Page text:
CARLTON has angrily denied claims from former assistant coach Tony Liberatore that it deliberately lost matches at the end of last season in a bid to secure a priority pick that ultimately led to the club securing two high-profile recruits.

Blues chief executive Greg Swann said on Friday that his club hadn’t ruled out taking legal action after Liberatore spoke out on Thursday night’s The Footy Show, the former Brownlow Medallist believing something wasn’t right at Carlton towards the end of the 2007 season.

Swann and coach Brett Ratten fronted a huge media gathering at MC Labour Park to shoot down Liberatore’s claims and try to clear the club’s name of any wrong-doing.

“The club strongly and emphatically denies, as it’s become known, any tanking in the last however many games it was alleged to have happened,” Swann said.

Carlton contacted AFL CEO Andrew Demetriou on Friday morning amid the fallout of Liberatore’s explosive claims and while Swann said his club was willing to undergo an investigation should league headquarters wish, he didn’t believe one would be necessary.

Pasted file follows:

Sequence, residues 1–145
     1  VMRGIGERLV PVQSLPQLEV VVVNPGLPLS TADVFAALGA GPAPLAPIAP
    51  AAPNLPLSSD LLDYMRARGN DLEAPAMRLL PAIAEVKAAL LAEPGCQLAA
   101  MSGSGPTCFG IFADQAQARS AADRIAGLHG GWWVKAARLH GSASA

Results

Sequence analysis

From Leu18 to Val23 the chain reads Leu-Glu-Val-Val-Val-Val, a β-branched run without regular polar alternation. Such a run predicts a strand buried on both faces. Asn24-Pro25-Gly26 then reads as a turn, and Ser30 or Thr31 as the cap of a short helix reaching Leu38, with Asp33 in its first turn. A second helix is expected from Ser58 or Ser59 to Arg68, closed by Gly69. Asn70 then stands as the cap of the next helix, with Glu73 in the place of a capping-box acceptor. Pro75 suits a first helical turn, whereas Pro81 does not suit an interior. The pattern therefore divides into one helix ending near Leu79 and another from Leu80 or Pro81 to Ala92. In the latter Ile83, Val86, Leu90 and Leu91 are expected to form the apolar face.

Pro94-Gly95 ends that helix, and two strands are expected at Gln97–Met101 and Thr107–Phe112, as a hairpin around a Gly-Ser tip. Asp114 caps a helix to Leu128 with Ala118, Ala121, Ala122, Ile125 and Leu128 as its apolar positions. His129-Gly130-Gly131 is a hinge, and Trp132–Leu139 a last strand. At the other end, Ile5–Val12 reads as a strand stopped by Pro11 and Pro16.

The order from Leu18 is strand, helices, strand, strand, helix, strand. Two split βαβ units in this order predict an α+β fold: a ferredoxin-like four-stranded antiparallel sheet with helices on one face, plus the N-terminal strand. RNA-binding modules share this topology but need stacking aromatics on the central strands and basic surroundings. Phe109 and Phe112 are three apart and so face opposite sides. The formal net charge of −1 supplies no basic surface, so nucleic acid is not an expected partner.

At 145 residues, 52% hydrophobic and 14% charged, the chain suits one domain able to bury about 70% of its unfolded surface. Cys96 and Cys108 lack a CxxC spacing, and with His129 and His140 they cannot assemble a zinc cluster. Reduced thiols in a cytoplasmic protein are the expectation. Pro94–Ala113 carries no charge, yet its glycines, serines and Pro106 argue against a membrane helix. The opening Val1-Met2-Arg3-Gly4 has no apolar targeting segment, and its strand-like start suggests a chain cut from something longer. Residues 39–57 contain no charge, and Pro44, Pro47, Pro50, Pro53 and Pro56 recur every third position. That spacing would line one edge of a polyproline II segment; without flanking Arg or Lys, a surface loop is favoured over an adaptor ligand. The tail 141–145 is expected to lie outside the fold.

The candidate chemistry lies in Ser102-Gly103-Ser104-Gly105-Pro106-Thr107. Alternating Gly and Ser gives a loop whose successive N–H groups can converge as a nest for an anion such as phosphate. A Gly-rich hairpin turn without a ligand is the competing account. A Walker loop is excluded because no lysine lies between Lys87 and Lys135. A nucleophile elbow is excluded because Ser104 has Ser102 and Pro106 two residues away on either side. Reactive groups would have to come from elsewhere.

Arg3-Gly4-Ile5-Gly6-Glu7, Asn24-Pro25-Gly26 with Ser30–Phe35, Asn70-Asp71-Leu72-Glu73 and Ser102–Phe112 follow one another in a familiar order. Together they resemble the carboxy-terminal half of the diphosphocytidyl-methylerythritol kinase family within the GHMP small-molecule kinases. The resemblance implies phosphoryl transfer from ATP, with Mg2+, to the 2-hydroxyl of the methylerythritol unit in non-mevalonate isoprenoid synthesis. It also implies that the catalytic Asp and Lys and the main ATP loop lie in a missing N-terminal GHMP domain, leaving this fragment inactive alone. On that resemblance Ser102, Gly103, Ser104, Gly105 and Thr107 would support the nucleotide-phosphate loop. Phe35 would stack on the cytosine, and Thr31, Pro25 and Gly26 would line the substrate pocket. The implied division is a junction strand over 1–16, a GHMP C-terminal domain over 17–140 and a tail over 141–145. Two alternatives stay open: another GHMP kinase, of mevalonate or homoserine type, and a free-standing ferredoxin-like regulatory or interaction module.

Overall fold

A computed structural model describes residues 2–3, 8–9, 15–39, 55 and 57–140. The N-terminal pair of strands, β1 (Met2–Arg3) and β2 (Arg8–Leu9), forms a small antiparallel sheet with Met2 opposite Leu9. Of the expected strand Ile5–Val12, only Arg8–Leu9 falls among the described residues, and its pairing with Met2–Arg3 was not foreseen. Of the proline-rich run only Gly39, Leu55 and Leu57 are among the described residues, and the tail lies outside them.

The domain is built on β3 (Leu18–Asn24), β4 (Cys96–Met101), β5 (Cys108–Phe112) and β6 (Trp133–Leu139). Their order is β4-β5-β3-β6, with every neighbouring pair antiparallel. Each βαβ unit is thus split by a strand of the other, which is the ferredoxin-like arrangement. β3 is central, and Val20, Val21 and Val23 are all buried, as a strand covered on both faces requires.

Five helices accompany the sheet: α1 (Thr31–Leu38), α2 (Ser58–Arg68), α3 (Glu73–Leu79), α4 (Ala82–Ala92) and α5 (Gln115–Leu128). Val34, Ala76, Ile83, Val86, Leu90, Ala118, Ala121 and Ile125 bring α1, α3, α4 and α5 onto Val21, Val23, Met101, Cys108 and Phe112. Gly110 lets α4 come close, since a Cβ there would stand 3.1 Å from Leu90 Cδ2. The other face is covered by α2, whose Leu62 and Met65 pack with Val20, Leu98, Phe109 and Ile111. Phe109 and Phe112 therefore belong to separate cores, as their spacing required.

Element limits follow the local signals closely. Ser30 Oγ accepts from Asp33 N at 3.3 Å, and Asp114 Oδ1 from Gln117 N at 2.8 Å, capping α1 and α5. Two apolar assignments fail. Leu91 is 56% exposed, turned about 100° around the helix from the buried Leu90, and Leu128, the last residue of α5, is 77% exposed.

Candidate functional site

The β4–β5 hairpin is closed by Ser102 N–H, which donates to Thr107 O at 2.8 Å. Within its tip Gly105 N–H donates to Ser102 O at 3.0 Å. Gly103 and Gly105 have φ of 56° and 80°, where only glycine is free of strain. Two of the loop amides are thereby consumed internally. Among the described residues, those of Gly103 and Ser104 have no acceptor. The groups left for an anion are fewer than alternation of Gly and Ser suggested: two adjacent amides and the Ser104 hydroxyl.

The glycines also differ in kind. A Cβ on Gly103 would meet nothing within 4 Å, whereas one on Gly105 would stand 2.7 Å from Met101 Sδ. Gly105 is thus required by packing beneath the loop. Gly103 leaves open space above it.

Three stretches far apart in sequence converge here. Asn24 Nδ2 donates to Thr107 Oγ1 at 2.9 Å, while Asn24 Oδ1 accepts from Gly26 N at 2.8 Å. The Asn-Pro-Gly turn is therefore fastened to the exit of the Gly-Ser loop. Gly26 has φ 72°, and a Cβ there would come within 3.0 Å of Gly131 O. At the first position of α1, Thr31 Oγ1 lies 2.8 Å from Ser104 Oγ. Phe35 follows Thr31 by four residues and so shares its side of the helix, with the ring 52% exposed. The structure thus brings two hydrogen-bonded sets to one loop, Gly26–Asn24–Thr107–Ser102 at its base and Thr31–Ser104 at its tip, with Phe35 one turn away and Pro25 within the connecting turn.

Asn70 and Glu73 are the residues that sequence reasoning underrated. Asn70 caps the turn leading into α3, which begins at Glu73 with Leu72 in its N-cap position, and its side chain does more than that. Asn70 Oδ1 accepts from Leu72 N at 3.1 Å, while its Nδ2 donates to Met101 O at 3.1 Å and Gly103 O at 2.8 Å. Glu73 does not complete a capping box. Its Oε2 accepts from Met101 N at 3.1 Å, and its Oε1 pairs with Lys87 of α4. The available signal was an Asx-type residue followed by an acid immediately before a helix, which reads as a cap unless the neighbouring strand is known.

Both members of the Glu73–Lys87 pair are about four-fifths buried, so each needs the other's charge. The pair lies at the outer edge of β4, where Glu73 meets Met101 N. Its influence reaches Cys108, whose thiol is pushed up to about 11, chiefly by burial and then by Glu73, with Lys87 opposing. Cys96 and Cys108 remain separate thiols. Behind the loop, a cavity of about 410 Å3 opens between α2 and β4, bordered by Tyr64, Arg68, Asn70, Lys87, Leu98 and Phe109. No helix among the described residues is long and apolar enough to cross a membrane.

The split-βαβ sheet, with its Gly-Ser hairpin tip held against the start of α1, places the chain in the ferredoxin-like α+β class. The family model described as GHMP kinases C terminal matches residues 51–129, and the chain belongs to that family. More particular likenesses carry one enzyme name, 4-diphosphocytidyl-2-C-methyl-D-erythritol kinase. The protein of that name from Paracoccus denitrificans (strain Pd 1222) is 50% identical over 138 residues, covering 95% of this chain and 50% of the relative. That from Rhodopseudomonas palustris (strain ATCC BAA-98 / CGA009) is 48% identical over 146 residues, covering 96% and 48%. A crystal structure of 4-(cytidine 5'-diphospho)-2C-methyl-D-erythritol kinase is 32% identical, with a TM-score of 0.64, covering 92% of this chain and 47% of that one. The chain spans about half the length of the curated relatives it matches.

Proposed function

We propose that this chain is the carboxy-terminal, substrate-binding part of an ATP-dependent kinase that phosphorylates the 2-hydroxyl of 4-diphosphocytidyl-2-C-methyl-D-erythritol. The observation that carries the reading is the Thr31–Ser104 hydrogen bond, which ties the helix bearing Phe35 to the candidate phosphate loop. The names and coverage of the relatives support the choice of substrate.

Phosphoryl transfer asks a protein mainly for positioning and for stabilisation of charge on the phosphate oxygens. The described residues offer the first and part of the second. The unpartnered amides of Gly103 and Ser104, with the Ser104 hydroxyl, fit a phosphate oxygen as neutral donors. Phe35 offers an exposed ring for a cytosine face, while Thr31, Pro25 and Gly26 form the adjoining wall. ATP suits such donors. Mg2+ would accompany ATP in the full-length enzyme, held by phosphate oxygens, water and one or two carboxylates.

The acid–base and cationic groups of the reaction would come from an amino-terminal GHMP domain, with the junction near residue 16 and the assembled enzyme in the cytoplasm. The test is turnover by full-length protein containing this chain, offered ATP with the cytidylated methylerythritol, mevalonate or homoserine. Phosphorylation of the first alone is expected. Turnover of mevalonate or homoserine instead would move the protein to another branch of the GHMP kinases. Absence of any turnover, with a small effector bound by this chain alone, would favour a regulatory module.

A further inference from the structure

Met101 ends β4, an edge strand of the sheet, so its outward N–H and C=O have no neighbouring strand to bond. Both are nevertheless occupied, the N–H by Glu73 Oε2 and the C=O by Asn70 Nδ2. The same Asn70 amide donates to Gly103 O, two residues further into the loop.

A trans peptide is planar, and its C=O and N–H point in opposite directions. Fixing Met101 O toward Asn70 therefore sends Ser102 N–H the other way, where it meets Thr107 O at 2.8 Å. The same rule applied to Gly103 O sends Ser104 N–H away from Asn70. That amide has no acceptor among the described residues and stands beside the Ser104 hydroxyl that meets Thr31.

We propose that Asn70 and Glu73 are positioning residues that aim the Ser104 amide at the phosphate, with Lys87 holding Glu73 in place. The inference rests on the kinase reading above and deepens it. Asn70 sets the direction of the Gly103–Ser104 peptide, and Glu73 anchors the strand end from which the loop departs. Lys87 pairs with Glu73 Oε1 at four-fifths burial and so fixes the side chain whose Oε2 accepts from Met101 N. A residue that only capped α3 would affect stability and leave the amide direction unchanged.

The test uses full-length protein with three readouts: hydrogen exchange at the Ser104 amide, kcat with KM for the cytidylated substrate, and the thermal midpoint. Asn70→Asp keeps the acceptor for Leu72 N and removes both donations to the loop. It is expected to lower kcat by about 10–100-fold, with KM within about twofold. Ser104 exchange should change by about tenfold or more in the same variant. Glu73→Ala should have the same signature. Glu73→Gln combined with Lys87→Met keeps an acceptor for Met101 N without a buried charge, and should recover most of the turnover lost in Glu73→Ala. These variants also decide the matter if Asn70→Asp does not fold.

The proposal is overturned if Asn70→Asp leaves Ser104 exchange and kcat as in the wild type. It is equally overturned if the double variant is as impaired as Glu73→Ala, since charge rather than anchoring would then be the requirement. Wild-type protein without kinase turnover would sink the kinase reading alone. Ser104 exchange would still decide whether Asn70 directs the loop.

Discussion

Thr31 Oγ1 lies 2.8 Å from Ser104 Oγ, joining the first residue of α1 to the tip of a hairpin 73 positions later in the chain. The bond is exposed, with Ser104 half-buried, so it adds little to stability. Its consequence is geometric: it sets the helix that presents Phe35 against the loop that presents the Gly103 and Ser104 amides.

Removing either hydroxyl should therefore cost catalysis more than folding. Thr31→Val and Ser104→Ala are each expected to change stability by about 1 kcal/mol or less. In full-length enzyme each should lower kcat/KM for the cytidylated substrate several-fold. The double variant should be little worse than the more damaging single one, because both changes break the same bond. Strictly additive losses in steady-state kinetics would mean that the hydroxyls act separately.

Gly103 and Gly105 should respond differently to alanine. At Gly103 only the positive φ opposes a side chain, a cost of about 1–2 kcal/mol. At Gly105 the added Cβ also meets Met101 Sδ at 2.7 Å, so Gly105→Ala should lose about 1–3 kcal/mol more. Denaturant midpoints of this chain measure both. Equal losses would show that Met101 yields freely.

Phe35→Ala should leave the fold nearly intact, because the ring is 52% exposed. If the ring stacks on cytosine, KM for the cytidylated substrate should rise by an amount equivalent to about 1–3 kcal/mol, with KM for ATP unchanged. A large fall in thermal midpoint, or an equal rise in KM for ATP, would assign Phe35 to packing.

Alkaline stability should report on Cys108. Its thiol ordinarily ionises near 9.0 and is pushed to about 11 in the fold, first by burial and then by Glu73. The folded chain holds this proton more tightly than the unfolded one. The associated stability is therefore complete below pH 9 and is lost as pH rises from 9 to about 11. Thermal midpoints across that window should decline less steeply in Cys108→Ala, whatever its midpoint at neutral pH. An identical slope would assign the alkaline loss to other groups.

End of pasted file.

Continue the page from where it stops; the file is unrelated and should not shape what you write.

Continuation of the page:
“We’ve said that if Andrew or anybody there wants to send anybody down to have a chat, [we’re] happy for that to happen, we’ve got nothing to hide,” Swann said.

Swann also backed up his club’s strict “no-tanking policy” by giving a brief run-down on the facts surrounding their 2007 season, and how before Ratten’s appointment they were clearly the worst-performed team in the AFL competition.

“From rounds 12 to round 16 the club lost by an average of 76 points per week in five games,” he said.

Coach Denis Pagan’s contract was then terminated.

Once Ratten was appointed, Swann said, the Blues’ performance not only improved, but the new coach did as he set out to do after taking control.

The Blues’ average losing margin was reduced to “about 30 points” during Ratten’s tenure towards the end of the season – something Swann believed indicated the club’s clear desire to win.

“When Brett was appointed … the mandate for Brett, and from Brett, was to look at the list, play all the kids, play them in positions that we hadn’t seen them before, because obviously our list at that stage wasn’t good enough to take us forward,” Swann said.

“And it was obviously in that period that the likes of [Michael] Jamison, [Shaun] Hampson, [Paul] Bower and [Mark] Austin all played senior football [and] we said at the time we were going to do that.”

Ratten, who was at the AFL’s season launch Thursday night and saw the Liberatore interview for the first time on Friday morning, said he wasn’t too concerned about it and was more intent on his team’s round-one clash with Richmond in six days’ time.